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Court ruling paves the way for new packaging. But will graphic images put you off?

It’s been hailed a tremendous victory for non-smokers around the world. Last week, Australia’s High Court dismissed a challenge by big tobacco companies to government plans to change cigarette packaging.

It means, as of December 1, Australia will become the first country in the world to require packets to be unglamorous, with plain-olive colouring, featuring shock-factor graphic health warnings and no logos.

Britain, New Zealand and South Africa are now considering similar measures.

British American Tobacco, Japan Tobacco International, Philip Morris and Imperial Tobacco Australia are the companies that were fighting the decision, and will have to pay the Commonwealth’s legal costs, which could run into millions.

The High Court rejected their argument that the value of their trademarks will be destroyed if they are no longer able to display their distinctive colours, brand designs and logos on packs of cigarettes.

“Many other countries around the world ... will take heart from the success of this decision today,” said attorney-general Nicola Roxon, whose father, a smoker, died of cancer when she was 10.

“Governments can take on big tobacco and win and it’s worth countries looking again at what the next appropriate step is for them.”

Roxon urged big tobacco to now “accept the decision of the umpire” and drop international efforts to curb plain packaging. “This [victory] will only improve the government’s ability to defend strongly any actions that are taken in international forums,” she said.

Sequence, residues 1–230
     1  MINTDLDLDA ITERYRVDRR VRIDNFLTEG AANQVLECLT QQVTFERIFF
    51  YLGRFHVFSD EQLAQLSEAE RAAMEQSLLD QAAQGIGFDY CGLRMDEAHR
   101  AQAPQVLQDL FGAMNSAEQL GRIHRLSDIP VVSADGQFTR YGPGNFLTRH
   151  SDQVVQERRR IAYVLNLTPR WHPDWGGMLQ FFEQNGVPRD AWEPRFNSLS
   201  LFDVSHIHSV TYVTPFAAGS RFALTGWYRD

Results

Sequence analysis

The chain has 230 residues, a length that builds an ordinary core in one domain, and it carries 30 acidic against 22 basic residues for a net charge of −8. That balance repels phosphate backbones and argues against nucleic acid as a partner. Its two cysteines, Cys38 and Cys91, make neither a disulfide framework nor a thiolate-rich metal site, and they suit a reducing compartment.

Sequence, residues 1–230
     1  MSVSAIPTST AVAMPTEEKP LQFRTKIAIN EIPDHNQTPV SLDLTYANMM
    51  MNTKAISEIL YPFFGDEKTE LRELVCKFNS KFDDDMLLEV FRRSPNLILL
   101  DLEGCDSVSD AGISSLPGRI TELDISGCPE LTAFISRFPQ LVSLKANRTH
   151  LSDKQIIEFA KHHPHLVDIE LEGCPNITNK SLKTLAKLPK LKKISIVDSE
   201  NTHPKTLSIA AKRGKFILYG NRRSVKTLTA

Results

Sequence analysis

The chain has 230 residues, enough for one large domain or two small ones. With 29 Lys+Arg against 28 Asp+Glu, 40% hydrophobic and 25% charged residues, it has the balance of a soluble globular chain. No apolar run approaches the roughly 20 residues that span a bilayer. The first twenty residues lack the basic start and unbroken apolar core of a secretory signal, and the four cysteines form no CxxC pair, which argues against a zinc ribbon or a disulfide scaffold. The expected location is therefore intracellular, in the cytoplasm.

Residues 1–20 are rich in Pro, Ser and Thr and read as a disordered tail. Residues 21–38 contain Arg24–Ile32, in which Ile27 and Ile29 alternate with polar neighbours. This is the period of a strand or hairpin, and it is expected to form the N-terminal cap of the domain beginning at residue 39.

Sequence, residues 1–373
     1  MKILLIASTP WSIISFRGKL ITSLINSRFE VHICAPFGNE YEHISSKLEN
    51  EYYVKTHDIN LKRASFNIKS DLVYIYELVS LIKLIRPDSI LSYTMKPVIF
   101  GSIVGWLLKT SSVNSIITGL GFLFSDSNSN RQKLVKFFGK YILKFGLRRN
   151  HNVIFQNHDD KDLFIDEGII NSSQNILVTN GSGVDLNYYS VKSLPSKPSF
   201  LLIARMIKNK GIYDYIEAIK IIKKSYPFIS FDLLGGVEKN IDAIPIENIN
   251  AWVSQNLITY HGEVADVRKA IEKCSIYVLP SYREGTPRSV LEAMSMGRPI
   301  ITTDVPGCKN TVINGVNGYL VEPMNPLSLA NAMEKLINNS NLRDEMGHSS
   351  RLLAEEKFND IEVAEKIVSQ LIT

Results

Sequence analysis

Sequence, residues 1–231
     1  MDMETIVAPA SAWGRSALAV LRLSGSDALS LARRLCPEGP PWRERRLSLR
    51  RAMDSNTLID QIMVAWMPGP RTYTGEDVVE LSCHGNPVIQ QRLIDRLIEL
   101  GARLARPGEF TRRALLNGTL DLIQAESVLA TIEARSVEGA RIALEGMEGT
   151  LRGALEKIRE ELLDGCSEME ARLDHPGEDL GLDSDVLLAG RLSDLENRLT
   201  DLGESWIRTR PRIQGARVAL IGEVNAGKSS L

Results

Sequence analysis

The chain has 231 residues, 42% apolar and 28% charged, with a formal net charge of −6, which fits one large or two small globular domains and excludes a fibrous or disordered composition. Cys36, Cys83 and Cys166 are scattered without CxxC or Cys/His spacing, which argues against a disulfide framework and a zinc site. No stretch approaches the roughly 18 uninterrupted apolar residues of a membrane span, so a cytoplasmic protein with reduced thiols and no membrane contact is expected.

And Australia’s health minister, Tanya Plibersek, followed suit, dedicating the court victory to big tobacco’s victims. “For anyone who has lost someone to smoking – this one’s for you,” she said.

Many see the move as another step towards banning smoking in all public places – although with smokers accounting for 17 per cent of the population in Australia, and high taxes of $16 (£10) for a pack of 25 cigarettes, the question has been raised as to how the government would replace that income.

Australia has already outlawed smoking in restaurants and bars. And this week, New South Wales passed laws extending that to playgrounds, sports grounds, swimming pool as well as bus and train stations.

But, while non-smokers celebrate, claiming it will save lives and prevent younger generations from picking up packs of ciggies in the first pace, pro-smoking groups say the new packaging, which will show images of cancer-riddled mouths, blinded eyeballs and sick children in hospital beds, won’t make any difference to sales.

Simon Clark, director of pro-smoking group Forest, which runs the Hands Off Our Packs campaign, said: “We support all reasonable attempts to discourage children from smoking, but putting cigarettes in plain packs is pointless.

“There is no evidence to support the claim that plain packaging will prevent children from taking up smoking.

“Putting cigarettes in standardised packs is tantamount to state-sponsored bullying. It is yet another attempt to denormalise a legal product and stigmatise those who consume it.”

Clark also urged the UK government not to follow the example set by Australia. “Over 235,000 people have signed the Hands Off Our Packs petition against plain packaging,” he added.

“There is also opposition from retailers and shop workers, plus serving and retired police officers, who are concerned about counterfeiting and the sale of illicit tobacco, which plain packaging is likely to encourage.”

The High Court ruling comes after a survey revealed just 28 per cent of people believe plain packaging will deter young people from smoking.

Usurv quizzed 1000 people (36 per cent of which were smokers) in the UK, with 85 per cent saying it wouldn’t help smokers to kick the habit.


War on tobacco – A guide to Australia's new cigarette packaging law
Digital Mag

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